18 August 2020 16:38
This is why Microsoft Flight Simulator 2020 is so impressive. The game will leverage Microsoft's Bing Maps property to make it into a truly globe-spanning experience and use Azure's computing technology to fill in terrain, buildings, trees, and water. The initial Microsoft Flight Simulator was a passion project for the nascent company, which primarily focused on business and productivity software. Amazingly, Flight Simulator is Microsoft's longest-running franchise, predating the release of Windows by three years. Like most of the garage developers of the day, Artwick focused on Apple's home computers starting with the original FS1 Flight Simulator for the Apple II in 1979.
The title was extremely limited, letting virtual pilots fly a single aircraft over a primitive wireframe terrain encompassing just a few square miles, but contemporary reviewers were extremely impressed. Impressed by his work, he tasked Sublogic to create a version of the simulator that could show off the new graphical capabilities of upcoming 16-bit computers. Hardware manufacturers also started making high-quality flight sticks to capture the simulation audience. In 2006, Microsoft shelved Flight Simulator. The new Flight Simulator is the first entry in the series in over a decade.
That racing game, set on a post-apocalyptic Earth, used satellite data as a "seed" for algorithmically generated landscapes to drive through in a 5,560-square-mile map. You can fly around the world, and the terrain isn't just wallpaper—the team at Asobo simulated the effects of wind turbulence created by buildings and trees as you fly by, as well as how weather interacts with these features. So Asobo painstakingly placed unique buildings and geographical features throughout the simulation, and plans to continue to fill out the world post-release. It takes a suite of Microsoft products to do what Flight Simulator 2020 is doing. An internet connection is required to play Flight Simulator 2020 at its full potential, although you can store terrain offline.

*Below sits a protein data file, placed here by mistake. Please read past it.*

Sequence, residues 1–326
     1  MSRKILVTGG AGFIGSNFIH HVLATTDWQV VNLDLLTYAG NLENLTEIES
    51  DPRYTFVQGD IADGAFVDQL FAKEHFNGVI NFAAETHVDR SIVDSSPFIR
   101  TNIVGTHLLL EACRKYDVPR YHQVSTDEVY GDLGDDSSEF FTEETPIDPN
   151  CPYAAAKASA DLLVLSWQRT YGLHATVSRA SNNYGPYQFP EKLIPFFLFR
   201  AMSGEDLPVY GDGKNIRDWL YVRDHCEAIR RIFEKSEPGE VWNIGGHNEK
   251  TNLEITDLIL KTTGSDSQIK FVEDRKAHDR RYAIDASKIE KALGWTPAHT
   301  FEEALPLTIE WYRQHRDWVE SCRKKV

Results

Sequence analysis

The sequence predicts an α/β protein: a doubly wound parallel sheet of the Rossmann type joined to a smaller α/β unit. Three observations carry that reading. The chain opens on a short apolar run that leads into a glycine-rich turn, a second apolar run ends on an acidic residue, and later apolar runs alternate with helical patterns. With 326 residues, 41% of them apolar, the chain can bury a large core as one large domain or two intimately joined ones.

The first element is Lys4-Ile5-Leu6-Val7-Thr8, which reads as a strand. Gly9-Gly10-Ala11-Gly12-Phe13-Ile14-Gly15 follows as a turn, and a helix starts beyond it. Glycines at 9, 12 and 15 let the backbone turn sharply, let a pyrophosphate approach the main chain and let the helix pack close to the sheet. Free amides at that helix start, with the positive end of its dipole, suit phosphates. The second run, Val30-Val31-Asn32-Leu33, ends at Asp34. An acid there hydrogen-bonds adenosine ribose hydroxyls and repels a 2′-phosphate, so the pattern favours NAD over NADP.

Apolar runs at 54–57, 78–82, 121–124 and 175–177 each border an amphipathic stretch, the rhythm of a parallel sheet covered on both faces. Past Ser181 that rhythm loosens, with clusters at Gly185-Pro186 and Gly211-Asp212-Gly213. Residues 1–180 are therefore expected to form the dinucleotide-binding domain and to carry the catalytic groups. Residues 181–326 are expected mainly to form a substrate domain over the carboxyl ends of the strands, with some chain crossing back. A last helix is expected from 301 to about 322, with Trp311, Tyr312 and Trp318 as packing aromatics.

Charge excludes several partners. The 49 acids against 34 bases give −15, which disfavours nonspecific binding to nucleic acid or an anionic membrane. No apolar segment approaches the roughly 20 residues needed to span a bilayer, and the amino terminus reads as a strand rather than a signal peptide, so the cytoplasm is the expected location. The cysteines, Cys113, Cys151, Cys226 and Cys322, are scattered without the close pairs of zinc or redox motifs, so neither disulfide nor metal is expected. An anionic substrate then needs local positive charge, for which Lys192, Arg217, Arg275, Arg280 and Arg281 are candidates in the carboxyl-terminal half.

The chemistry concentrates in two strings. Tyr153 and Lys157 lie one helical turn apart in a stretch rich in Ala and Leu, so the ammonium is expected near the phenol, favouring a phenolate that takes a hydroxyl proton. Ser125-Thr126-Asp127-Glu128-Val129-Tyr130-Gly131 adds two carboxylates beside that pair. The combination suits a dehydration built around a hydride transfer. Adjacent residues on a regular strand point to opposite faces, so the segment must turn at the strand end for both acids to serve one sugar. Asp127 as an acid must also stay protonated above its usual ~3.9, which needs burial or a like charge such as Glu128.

When the original Microsoft Flight simulator was released almost 40 years ago, it was very much for enthusiasts only. This is not the experience you will have with Microsoft Flight Simulator 2020. Developed by French studio Asobo using accurate geographic data culled from Bing Maps, a global cloud computing network, and real-time weather information, this is as much a visual spectacle as it is a simulator. As fans of driving games such as Euro Truck Simulator have discovered, there is a sort of zen in simulated long-haul travel, a joy in mastering your role as driver or pilot so that it feels like you're doing almost nothing – especially when you can pick out real-life scenic details en route. I've encountered areas of scenery where trees give way to acres of flat, low-resolution textures, which look ugly and out of place; and although around 400 world cities have been accurately replicated using photogrammetry, others have been constructed using Bing Maps and AI, so that they resemble Lego-like model villages. No doubt Asobo will be adding further to its list of fully replicated cities; it is also allowing third-party modelling and simulation specialists to create and distribute their own city models using an in-game marketplace, so users will be able to populate their worlds with favourite locations (at extra cost, of course). But still, Flight Simulator is a true marvel and an astonishing use of Microsoft's technological resources. The ordinary things we thought we knew become new or more beautiful, and the visible relationships between them on the land, particularly at night, hint at the circuitry of more or less everything." This is what Flight Simulator aspires to. Wherever you go, this game captures the wonder of flight, and the spiritual and emotional rush of seeing the world in a different way. • Microsoft Flight Simulator is available now, free with Xbox Game Pass for PC or £60 (standard edition) Before you start streaming Netflix mid-transatlantic flight in Microsoft Flight Simulator, you might want to consider the impact your available bandwidth may be having on your frame rate—in our testing it looks like a lack of downstream bandwidth is having a negative impact on frametimes. Cruising at 30,000 feet with all data options turned on (Microsoft Flight Sim uses a variety of streamed data to inform weather, traffic, and satellite information), we were able to scrape together an average framerate of 40fps and a 1% low of 26fps across an average of three 1440p runs with the high-end preset enabled. Microsoft Flight Simulator data performance With data turned back on, and Devil May Cry 5 downloading behind the scenes, Microsoft Flight Simulator managed an average of 40fps—okay, all good there—and a 1% low of 18fps. So it appears that a slow or bottlenecked internet connection may cause poor, inconsistent performance in Microsoft Flight Simulator. Developer Asobo has been keen to point out during the game's setup that it requires both a steady connection and a fair chunk of data if you are to enable all its online features, but we thought it a worthy PSA if you're trying to eke out every last drop of performance from your GPU and CPU in the expansive (and demanding) simulator. So just make sure to disable what you don't need using the in-game data settings and bandwidth limits if you're worried your connection might not be up to scratch. Microsoft Flight Simulator owners have called for the game's two-hour Steam refund window to be extended or dropped entirely, after spending all of it waiting for the lengthy in-game installation to complete. The problem here is that the bulk of Microsoft Flight Simulator's 150GB download is done through its in-game launcher. After an initial download, this client handles the majority of the game - and takes some time. "I just downloaded Microsoft Flight Simulator on an uncapped 500MB connection and it took three hours," Eurogamer reader Ollie told me. It's more that if people did want to refund the game after actually playing it, they are no longer able to. How much streaming data does Microsoft Flight Simulator 2020 use? Gamers are starting to wring their hands as they look at the potential data usages required to run Microsoft Flight Simulator 2020 at its full potential. Microsoft Flight Simulator 2020 is a technical marvel, a feat of modern technology. The game utilizes the cloud like never before, downloading visuals directly to the player as they fly around the globe, visiting locations they may never be able to visit in-person. But this leaves a lot of gamers asking an important question: how much streaming data does Microsoft Flight Simulator 2020 use? Microsoft Flight Simulator 2020 data usages The first thing to get out of the way is the actual install size of Microsoft Flight Simulator 2020. Microsoft Flight Simulator 2020 offers stunning visuals, especially when using the streaming mode to download images as part of photogrammetry feature. While that in and of itself may limit the player numbers, the other thing to consider is how much data Flight Simulator will be using as you fly around. One key feature of the game is that it is constantly downloading data to provide next-gen visuals by using photogrammetry. Right now, it's near impossible to say exactly how much data Microsoft Flight Simulator 2020 uses with this feature on. It's important to note that it is possible to turn off data usage so that the game does not constantly download the high-definition environments as you're flying. As Shacknews Tech Editor Chris Jarrard says in his Microsoft Flight Simulator review: Unfortunately, there is currently no clear answer as to how much data Microsoft Flight Simulator 2020 uses when it's streaming the photo-realistic images to your machine.